It’s a staple of Los Angeles, and it’s not even in the city. The Hollywood sign is a landmark and a place that every person who goes to Los Angeles should visit. For us at the Oakwood, the Hollywood sign is a quick hour and a half hike straight uphill.
The Hollywood sign is situated on top of Mount Lee in the Hollywood Hills. The sign overlooks downtown Los Angeles and Hollywood, and from the tip of Mount Lee, you can see for miles. When the sign was first built in 1923, it originally read HOLLYWOODLAND, and was an advertising stunt for the new houses being built in the area. The sign was designed for each letter to be 30 feet wide and 50 feet high, and cost around $21,000 — or $300,000 2014 U.S. dollars. There were light bulbs on the original sign that would light up the letters. The sign was only to be erected for a year and a half, but as Hollywood entered its Golden Age, the sign remained and has been a staple of Los Angeles ever since.
The original sign
The sign has had multiple alterations; many times the letters were used to create words that were relevant to a time in Hollywood. The sign has read: HOLLYWeeD (1976), HOLYWOOD (1977), GO NAVY (1983), RAFFEYSOD (1985), FOX (1987), CALTECH (1987), OLLYWOOD (1987), HOLYWOOD (1987), OIL WAR (1991), Perotwood (1992), GO UCLA (1993), JOLLYGOOD (2000), and SAVE THE PEAK (2010). These different alterations to the original sign were for different purposes, and refer to events that happened locally or nationally.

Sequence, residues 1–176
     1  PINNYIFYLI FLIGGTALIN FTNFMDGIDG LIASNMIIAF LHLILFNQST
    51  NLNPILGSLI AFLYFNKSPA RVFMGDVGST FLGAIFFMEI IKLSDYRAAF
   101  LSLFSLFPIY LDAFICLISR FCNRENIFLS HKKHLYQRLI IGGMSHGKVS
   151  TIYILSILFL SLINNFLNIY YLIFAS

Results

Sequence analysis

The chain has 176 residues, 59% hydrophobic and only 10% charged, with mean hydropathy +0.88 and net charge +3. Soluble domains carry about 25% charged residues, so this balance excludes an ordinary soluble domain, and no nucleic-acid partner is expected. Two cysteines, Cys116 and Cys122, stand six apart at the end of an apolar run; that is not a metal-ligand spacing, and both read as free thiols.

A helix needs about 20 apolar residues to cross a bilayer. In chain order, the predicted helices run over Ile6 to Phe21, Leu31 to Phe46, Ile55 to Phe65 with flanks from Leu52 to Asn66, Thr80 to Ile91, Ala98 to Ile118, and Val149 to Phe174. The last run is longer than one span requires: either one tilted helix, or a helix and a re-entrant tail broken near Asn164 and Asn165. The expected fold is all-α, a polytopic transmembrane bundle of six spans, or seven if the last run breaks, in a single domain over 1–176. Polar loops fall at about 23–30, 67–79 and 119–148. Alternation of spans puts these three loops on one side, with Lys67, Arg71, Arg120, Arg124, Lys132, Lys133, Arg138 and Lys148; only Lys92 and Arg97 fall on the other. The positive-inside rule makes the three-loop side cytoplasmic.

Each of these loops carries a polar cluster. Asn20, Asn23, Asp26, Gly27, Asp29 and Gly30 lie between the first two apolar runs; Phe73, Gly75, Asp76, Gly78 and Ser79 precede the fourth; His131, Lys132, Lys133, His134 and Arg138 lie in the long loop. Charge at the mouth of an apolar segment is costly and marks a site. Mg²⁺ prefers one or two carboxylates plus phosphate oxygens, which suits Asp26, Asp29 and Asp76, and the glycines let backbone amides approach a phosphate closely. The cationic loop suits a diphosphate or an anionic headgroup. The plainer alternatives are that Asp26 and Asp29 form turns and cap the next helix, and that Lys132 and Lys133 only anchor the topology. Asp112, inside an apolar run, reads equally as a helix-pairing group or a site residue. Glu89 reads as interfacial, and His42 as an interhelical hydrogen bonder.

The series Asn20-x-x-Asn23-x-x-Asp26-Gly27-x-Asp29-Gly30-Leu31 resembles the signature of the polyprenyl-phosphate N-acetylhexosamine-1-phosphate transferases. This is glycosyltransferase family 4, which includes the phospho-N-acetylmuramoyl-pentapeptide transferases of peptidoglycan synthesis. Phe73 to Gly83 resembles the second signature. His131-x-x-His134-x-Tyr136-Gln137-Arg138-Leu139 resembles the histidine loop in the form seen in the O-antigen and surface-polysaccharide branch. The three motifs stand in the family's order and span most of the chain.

I decided to make the hike up to the sign, and after getting lost a couple of times, I finally reached the summit of Mount Lee. The view was amazing. Looking out across Los Angeles, you can see out to the beaches and the mountains, and behind you is Burbank, which is an incredible view in itself. It took me a long time to hike up, but looking at the letters that are 45 feet tall and made of just sheet metal, it is incredible the shape that they are in and the fact that they are made of merely sheet metal is amazing. I would recommend the hike, if not for the letters, than for the view of Los Angeles and Burbank.